25 Years Ago: June 26-July 2, 1991
• Tipp City – As a result of budget concerns the Tipp City Police Department gave up the idea of a “four legged patrol” in favor of two wheels. The department was looking for ways to increase police visibility and effectiveness in the community this summer and considered the idea of mounted officers. Horses are great for visibility, but, as the costs were examined, the department decided utilizing bicycle patrol would also be effective. This summer the police will begin using a Bianchi 19 1/2 inch mountain bike for evening patrol. After contacting other departments, it was found that people liked the bike idea because it is more personal than a cruiser going down the street.
• Troy – Dr. Michael Barnhart has recommended Marcia Rarick, long time Troy educator and current Kyle School principal, for the principal position at the Troy Junior High School. Banna Smith, principal at the Troy Junior High School for 15 years, will retire at the end of the month. Rarick taught for a number of years at the junior high school prior to becoming the principal at Kyle. The school board will act on the recommendation at its July 15th meeting. (Columnist’s Note: Marcia Rarick was approved as principal for the junior high school. She served in that capacity through the 1998-1999 school year.)
50 Years Ago: June 26-July 2, 1966
• Troy – In an effort to assist the city in making a decision concerning which variety of tree to plant around the city, the Troy Daily News had two small Chancellor Linden trees put in place in front of their office building on S. Market St. Dick Duke, of Duke Garden Center Inc. of Troy, planted the trees two weeks ago. According to R. George Kuser, publisher of the Troy Daily News, the city can look at the trees in their setting and see if they are the type of tree they might be interested in planting along the downtown streets. The news office may even plant a couple more of these trees. The Chancellor Linden is a fast-growing, non-messy tree and will grow to approximately 25-30 feet. Since it is a new variety, so not all the variables are known. The city desires to “soften” the downtown area with the addition of trees, but they have to be non-messy, relatively inexpensive and uniform in variety. (Columnist’s Note: According to a nursery webpage, the Chancellor Linden will live for about 70 years and will grow to about 50 feet at maturity.)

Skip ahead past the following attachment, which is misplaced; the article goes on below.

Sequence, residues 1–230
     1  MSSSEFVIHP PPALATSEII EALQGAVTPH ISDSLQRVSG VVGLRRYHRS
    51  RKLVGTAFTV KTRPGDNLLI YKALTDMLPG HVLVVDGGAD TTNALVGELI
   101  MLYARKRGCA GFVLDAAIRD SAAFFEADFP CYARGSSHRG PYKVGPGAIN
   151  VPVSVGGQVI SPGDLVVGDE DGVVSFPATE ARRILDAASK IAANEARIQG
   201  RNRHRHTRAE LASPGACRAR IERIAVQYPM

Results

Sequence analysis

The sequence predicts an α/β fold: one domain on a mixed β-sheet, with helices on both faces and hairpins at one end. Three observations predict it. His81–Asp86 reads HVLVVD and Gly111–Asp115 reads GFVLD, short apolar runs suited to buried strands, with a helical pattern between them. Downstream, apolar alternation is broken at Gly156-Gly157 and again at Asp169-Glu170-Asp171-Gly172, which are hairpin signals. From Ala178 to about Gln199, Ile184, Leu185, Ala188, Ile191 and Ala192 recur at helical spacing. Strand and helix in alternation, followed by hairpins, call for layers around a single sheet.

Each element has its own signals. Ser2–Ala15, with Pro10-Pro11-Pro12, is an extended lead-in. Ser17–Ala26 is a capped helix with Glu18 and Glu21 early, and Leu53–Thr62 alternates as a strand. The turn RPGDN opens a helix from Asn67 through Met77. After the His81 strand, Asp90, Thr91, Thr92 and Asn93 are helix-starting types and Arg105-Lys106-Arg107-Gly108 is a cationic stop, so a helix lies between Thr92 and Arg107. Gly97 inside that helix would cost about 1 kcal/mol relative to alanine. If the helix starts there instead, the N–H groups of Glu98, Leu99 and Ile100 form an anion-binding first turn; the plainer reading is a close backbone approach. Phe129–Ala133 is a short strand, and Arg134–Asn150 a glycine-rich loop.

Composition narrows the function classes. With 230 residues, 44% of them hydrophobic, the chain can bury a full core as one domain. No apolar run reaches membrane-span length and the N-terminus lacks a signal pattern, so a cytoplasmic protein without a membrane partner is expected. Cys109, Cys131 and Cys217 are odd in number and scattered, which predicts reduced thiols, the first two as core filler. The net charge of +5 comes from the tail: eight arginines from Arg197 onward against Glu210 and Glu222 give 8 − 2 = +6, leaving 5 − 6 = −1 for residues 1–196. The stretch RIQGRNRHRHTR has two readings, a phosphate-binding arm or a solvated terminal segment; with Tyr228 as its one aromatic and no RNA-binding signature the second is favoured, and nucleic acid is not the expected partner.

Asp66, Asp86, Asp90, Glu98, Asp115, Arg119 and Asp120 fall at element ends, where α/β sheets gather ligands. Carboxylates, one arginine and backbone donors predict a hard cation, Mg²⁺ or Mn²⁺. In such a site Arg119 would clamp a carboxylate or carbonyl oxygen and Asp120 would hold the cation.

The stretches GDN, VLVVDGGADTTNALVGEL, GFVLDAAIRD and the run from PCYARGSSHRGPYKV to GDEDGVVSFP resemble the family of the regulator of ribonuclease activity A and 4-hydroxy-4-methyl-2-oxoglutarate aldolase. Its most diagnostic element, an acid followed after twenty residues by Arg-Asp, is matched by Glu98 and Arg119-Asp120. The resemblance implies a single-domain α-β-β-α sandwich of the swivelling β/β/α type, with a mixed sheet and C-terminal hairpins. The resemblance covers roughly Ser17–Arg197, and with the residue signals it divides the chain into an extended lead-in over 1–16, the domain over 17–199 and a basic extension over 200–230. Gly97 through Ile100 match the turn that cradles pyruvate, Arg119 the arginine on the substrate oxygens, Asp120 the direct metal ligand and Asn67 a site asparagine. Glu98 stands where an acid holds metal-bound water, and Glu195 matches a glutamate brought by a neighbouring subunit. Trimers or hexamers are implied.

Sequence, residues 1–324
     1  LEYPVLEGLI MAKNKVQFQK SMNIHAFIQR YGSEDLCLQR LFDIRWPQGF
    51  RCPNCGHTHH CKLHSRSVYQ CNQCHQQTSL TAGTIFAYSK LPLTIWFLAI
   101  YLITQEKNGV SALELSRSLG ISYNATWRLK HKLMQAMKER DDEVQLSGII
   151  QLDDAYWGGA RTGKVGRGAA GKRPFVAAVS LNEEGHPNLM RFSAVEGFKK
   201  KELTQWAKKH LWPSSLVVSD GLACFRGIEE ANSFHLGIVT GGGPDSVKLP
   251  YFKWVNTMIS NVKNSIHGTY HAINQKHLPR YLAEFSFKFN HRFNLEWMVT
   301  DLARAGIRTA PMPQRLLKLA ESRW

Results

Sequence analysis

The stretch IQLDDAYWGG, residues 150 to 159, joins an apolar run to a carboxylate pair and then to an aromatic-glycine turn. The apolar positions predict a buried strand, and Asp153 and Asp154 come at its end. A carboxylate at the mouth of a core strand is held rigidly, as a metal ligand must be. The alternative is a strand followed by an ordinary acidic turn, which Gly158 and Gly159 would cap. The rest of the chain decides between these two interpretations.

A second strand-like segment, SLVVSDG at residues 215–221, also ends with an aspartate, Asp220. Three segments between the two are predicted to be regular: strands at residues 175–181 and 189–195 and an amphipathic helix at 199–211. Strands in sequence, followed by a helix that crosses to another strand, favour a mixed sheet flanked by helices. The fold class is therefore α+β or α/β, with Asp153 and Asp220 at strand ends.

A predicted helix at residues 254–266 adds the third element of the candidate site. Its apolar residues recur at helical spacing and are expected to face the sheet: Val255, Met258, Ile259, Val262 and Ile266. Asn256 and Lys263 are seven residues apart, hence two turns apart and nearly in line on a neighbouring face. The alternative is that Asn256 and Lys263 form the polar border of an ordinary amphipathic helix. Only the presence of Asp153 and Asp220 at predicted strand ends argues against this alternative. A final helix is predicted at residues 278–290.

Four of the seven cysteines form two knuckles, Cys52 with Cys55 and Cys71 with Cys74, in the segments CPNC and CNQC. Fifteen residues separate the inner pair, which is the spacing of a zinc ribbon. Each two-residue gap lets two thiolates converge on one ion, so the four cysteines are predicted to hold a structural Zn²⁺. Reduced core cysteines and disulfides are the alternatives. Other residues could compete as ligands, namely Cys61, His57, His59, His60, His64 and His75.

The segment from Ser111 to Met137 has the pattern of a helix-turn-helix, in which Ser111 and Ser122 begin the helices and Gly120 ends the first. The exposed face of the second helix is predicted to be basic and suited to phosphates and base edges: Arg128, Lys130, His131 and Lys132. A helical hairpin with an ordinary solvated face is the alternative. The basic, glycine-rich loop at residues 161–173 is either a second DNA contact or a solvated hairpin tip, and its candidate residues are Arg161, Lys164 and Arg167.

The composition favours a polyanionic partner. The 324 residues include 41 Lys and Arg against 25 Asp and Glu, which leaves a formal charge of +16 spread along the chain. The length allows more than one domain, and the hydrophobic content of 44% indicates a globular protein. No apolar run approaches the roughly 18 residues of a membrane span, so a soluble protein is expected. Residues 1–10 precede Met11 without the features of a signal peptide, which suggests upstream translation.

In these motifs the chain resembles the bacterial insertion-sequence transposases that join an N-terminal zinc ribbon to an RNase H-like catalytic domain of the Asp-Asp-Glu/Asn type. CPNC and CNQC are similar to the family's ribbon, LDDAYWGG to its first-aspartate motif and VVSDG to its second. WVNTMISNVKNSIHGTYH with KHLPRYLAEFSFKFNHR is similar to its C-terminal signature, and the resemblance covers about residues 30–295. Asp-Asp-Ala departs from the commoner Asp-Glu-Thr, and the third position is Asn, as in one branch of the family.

• Troy – The new Troy Firehouse was dedicated on Saturday, July 2nd with several dignitaries and numerous interested Troy residents in attendance. Current Fire Chief Robert Counts and three former fire chiefs were all in attendance, along with Common Pleas Court Judge David S. Porter and State Fire Marshall George Schlotterback. Troy High School band director John Slonaker played “To the Colors” by trumpet as the flag was raised and, then, the whole band played the National Anthem. Speeches, music and festivities, including tours of the new building were appreciated and enjoyed by all. The city purchased the site of the old Montross Lumber Company and constructed the two-story building at a cost of $235,000, which the department was able to occupy two weeks ago. (Columnist’s Note: This is the station on E. Race St., near the Troy Post Office, known as “Station No. 1.” )
75 Years Ago: June 26-July 2, 1941
• Troy – Using the information supplied by Earl Davis, manager of the G.C. Murphy store, the police have arrested a Peru, Indiana man for the robbery which took place in Troy recently. The married father of three children was brought back to Troy to face charges. Originally, the man had gone to Dayton to look for new work, but the plan to carry out the robbery formulated while he was there. Mr. Davis gave the description of the thief to Chief Smick and accompanied him to Indiana to verify the identity of the suspect.
100 Years Ago: June 26-July 2, 1916
• Lena – This usual quiet village in eastern Miami County was disturbed this week by a brutal murder. Two railroad men, who were companions, got into an argument over a bottle of whiskey and one used a two and a half inch Barlow pocket knife to kill his combatant by stabbing him in the heart. The two men, who had moved to Lena about two years ago, had been visiting saloons in Piqua and after becoming quite inebriated were able to purchase the whiskey and head home. The two men, who roomed together in the same house, began to argue soon after reaching their residence. After realizing what he had done, the murderer fled the town, but was captured four hours later in St. Paris. Arraignment took place before Piqua Judge E.M. Bell. The accused pleaded not guilty to first degree murder and a trial is set for July 6th. The crime made a widow of the victim’s 15 year old bride.
Patrick D. Kennedy is archivist at the Troy-Miami County Public Library’s Local History Library, 100 W. Main St., Troy. He may be contacted by calling (937) 335-4082 or sending an email to email@example.com